A widely recognised symbol in Ireland associated with left-wing nationalism and the labour movement, its cultural and political relevance influenced the title of Seán O’Casey’s play The Plough and The Stars. Arguably, the symbol, along with the Tricolour and the Proclamation of Idependence, has become one of the key visual signifiers of the Irish revolutionary period from 1913 — 23.
Developed as a banner for the left-wing paramilitary group the Irish Citizen Army (ICA) during a time of political unrest in Ireland. The symbol was flown over the occupied GPO building in Dublin during the Easter Rising in 1916 but use of the symbol diminished as the ICA adopted a stance of 'neutrality' during the Irish Civil War.1 However, the symbol was subsequently adopted by other Irish republican groups and is still seen at nationalist events today.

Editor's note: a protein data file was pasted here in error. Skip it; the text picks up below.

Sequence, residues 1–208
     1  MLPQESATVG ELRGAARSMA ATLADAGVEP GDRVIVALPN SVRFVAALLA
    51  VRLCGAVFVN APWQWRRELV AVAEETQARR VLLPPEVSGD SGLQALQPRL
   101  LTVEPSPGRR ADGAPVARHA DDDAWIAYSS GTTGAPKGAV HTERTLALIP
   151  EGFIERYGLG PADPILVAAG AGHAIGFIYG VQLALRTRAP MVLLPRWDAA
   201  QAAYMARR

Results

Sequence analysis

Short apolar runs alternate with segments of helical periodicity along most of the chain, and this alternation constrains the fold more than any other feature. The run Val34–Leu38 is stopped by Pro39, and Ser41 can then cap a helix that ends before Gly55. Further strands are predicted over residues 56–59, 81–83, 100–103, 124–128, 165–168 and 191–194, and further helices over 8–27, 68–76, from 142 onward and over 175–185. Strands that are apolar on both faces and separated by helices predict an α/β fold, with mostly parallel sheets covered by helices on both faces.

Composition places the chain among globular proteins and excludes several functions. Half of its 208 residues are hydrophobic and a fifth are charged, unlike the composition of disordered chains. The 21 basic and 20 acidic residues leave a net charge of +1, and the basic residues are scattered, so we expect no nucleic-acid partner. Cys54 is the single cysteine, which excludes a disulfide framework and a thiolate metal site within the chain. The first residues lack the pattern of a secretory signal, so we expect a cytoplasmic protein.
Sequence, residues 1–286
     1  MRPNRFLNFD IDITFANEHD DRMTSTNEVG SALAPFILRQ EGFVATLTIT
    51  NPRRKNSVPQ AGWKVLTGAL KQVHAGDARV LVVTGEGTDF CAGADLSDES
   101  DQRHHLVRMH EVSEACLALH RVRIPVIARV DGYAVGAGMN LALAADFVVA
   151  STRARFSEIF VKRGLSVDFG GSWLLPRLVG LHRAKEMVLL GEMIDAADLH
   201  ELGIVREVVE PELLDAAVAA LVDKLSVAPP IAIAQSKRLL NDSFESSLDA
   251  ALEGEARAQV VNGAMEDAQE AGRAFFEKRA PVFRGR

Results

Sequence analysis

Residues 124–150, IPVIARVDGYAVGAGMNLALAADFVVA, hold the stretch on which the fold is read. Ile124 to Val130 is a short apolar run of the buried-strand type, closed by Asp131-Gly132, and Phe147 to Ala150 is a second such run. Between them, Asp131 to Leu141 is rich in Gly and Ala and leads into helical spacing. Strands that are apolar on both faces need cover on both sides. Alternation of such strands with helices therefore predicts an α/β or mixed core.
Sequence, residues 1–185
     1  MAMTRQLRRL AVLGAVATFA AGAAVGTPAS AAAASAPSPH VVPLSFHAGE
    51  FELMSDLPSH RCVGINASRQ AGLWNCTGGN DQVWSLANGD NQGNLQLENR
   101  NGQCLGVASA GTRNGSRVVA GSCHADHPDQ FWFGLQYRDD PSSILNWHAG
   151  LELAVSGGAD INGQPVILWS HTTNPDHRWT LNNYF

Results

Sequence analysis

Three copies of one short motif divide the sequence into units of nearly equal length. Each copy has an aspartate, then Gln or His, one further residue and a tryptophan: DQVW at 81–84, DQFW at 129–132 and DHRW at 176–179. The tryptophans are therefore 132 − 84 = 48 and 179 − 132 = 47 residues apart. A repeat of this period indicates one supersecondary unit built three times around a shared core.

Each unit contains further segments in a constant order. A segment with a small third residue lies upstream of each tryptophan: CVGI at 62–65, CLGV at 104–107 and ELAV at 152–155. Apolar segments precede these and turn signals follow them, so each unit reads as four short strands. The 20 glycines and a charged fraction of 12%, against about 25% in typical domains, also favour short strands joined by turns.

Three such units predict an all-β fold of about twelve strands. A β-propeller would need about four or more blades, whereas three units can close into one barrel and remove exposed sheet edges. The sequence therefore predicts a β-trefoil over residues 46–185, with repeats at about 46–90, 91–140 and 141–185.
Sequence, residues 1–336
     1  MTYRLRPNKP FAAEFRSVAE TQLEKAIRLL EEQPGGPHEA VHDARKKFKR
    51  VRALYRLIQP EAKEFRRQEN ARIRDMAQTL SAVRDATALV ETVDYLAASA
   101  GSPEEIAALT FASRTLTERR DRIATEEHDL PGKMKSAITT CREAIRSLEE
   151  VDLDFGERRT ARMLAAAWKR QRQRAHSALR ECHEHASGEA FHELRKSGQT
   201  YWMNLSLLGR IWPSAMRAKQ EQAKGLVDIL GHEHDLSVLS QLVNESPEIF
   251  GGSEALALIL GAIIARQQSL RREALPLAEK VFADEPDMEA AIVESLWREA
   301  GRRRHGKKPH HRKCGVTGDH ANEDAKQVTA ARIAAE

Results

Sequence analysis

The original design, unveiled at an ICA event in 1914, consisted of the seven stars of the constellation Ursa Major — known in Ireland as The Plough — displayed on top of a plough with a sword for a coulter. Symbolically, this represented that a free socialist Ireland would control its own destiny from the plough to the stars.2 Later versions would adopt the five-pointed star, explicitly linking the symbol to international socialist iconography.
During the 1930s, a simplified version was developed by the Republican Congress, which displayed seven stars on a blue background without the plough.3 This version has become a popular Irish republican symbol and is still displayed by both mainstream and dissident nationalist groups, including as part of the logo of the youth wing of Sinn Féin (Ógra Shinn Féin).